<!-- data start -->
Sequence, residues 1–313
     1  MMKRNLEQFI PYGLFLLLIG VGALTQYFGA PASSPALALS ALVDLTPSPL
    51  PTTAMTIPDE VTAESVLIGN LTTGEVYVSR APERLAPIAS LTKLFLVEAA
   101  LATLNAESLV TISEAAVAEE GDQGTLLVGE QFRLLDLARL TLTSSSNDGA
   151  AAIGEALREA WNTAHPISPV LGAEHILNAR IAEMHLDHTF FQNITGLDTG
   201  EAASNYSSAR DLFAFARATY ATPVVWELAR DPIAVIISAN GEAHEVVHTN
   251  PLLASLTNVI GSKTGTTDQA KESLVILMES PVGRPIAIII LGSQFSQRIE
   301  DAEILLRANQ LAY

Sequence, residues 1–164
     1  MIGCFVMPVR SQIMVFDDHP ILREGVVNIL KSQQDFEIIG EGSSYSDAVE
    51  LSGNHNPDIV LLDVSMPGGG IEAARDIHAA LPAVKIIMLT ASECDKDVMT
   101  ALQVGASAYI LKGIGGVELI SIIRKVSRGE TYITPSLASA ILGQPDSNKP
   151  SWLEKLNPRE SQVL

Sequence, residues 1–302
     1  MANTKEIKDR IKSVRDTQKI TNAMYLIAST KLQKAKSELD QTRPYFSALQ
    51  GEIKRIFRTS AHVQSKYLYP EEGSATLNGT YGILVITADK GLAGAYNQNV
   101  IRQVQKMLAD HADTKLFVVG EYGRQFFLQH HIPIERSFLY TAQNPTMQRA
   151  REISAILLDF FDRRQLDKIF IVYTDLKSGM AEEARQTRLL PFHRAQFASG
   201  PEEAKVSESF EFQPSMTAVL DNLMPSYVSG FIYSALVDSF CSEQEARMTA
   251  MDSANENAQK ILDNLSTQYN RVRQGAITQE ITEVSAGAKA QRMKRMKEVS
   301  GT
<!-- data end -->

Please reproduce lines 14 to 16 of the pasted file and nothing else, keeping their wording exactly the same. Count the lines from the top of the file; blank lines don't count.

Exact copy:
Sequence, residues 1–302
     1  MANTKEIKDR IKSVRDTQKI TNAMYLIAST KLQKAKSELD QTRPYFSALQ
    51  GEIKRIFRTS AHVQSKYLYP EEGSATLNGT YGILVITADK GLAGAYNQNV